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RE: [FJGRailroad] Milligan & Higgins

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  • Dicarlo, Gino
    What the heck was on Harrison Street in Gloversville that stunk so much? If you went to Parkhurst Field in the summer you would gag. I was told there Was a
    Message 1 of 16 , Mar 3, 2005
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      What the heck was on Harrison Street in Gloversville that stunk so much?
      If you went to Parkhurst Field in the summer you would gag. I was told
      there
      Was a sewage plant around there somewhere, but never noticed one. I
      don't
      Recall the Hair-Mill stinking...

      Gino

      -----Original Message-----
      From: paul larner [mailto:pklarner@...]
      Sent: Thursday, March 03, 2005 9:03 AM
      To: FJGRailroad@yahoogroups.com
      Subject: RE: [FJGRailroad] Milligan & Higgins



      You would perhaps have found the worse place in Wesbrook Maine where
      Scott
      Paper had a sulfite mill. Or almost as bad today is the Ticonderoga
      mill in
      upstate NY. These mills are the lifeblood of their regions. If you're
      well
      off, build or buy your home some where else. You can still work there
      with
      modern transit (horse cars and trolleys initially). Only those who must

      lived near the mills. Why do folks want to drive these jobs away? The

      worst spot I can recall in the Gloversville/Johnstown area was Townsend
      Ave,
      near the Cayadutta Creek bridge. People actually lived in homes near
      the
      creek. I suppose it was the best they could afford. Too many people
      who
      have made it (or had it given to them or marry it) overlook these folks.

      This was an era before the welfare systems of sixties emerged. Today
      everyone is entitled to a nice home with a nice view.

      That's narrow, I know, OSHA and the EPA need to control the pollution
      that
      resulted in these conditions. That's when the properties started to
      regain
      value. Townsend Ave and the Broad Street (West end) of Gloversville are

      much bette today without Levor's and the rest of the leather industry
      that
      lessed the city with jobs and prosperity. Yes there were other issues.

      The Cayadutta was a sewer for the industry from the north end of
      Gloversville to the Mohawk. Nowhere along its banks were the homes more

      than marginal in value, just because of the stink. Those least able to
      lived in homes along the creek. Some different today.

      PKL
    • fjg1870
      ... wrote: What the heck was on Harrison Street in Gloversville that stunk so much? If you went to Parkhurst Field in the summer you would
      Message 2 of 16 , Mar 3, 2005
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        --- In FJGRailroad@yahoogroups.com, "Dicarlo, Gino"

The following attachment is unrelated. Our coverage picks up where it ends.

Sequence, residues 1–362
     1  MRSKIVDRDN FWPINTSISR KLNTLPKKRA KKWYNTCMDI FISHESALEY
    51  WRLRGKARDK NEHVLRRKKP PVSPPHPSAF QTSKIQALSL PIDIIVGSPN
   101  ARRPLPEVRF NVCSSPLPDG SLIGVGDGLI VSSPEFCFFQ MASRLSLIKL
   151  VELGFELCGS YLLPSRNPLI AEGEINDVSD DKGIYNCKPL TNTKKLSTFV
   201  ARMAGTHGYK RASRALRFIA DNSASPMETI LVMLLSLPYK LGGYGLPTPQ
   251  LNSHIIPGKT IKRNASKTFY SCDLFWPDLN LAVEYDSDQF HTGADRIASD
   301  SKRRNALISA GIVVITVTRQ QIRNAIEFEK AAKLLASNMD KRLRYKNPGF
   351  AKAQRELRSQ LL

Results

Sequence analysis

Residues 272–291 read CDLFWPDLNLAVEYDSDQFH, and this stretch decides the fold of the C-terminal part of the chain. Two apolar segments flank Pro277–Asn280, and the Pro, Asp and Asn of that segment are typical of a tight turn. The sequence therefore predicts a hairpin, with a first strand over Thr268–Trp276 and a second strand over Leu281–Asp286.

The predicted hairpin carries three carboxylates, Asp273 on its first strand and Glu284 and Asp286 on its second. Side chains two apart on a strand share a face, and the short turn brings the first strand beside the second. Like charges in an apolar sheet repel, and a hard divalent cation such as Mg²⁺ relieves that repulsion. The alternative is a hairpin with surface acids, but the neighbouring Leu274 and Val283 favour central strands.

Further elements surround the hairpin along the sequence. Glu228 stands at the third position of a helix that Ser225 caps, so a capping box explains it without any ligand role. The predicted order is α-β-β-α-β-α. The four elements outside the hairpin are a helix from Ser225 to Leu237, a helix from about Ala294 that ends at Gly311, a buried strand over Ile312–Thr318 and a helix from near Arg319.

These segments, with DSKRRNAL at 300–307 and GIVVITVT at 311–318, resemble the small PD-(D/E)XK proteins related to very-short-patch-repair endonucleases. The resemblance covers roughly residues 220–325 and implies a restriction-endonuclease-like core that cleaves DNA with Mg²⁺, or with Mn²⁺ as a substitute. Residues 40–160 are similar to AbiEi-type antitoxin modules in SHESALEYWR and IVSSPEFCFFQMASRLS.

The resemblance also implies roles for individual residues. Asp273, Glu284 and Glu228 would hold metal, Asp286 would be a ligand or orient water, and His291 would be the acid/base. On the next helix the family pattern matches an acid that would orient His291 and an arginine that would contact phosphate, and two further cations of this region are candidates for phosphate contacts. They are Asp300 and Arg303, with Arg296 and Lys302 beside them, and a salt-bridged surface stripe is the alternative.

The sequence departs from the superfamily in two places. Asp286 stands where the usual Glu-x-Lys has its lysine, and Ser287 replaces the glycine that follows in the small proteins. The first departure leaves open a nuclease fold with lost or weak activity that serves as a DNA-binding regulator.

<Gino.Dicarlo@q...> wrote:
        What the heck was on Harrison Street in Gloversville that stunk so
        much? If you went to Parkhurst Field in the summer you would gag. I
        was told there was a sewage plant around there somewhere, but never
        noticed one.

        I lived on Harrison Street in the late 1940s. Yes there was a sewage
        plant on Harrision Street, it was about where the former Ni-Mo
        building is. My father used to call it the "rose factory". On a hot
        summer night the spell was something else. We moved from Harrision
        Street after having lived there about a year.

        Walt
      • paul larner
        The Gloversville Sewage treatment plant and settling beds were on the east sode of the tracks. The plant was on the side of Harrison St. and the beds on teh
        Message 3 of 16 , Mar 4, 2005
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          The Gloversville Sewage treatment plant and settling beds were on the east
          sode of the tracks. The plant was on the side of Harrison St. and the beds
          on teh south side. The plant was set back and the grounds looked a bit
          park like. The stink probably came from the Parkhurst Hair mill or the
          creek or perhaps from Lee Dying on South Main st. Lee had their own siding
          from about the location of the former Starr's station. On hot summer days
          the sewage plant beds were ripe.
          PKL


          >From: "Dicarlo, Gino" <Gino.Dicarlo@...>
          >Reply-To: FJGRailroad@yahoogroups.com
          >To: <FJGRailroad@yahoogroups.com>
          >Subject: RE: [FJGRailroad] Milligan & Higgins
          >Date: Thu, 3 Mar 2005 10:11:36 -0600
          >
          >What the heck was on Harrison Street in Gloversville that stunk so much?
          >If you went to Parkhurst Field in the summer you would gag. I was told
          >there
          >Was a sewage plant around there somewhere, but never noticed one. I
          >don't
          >Recall the Hair-Mill stinking...
          >
          >Gino
          >
          >-----Original Message-----
          >From: paul larner [mailto:pklarner@...]
          >Sent: Thursday, March 03, 2005 9:03 AM
          >To: FJGRailroad@yahoogroups.com
          >Subject: RE: [FJGRailroad] Milligan & Higgins
          >
          >
          >
          >You would perhaps have found the worse place in Wesbrook Maine where
          >Scott
          >Paper had a sulfite mill. Or almost as bad today is the Ticonderoga
          >mill in
          >upstate NY. These mills are the lifeblood of their regions. If you're
          >well
          >off, build or buy your home some where else. You can still work there
          >with
          >modern transit (horse cars and trolleys initially). Only those who must
          >
          >lived near the mills. Why do folks want to drive these jobs away? The
          >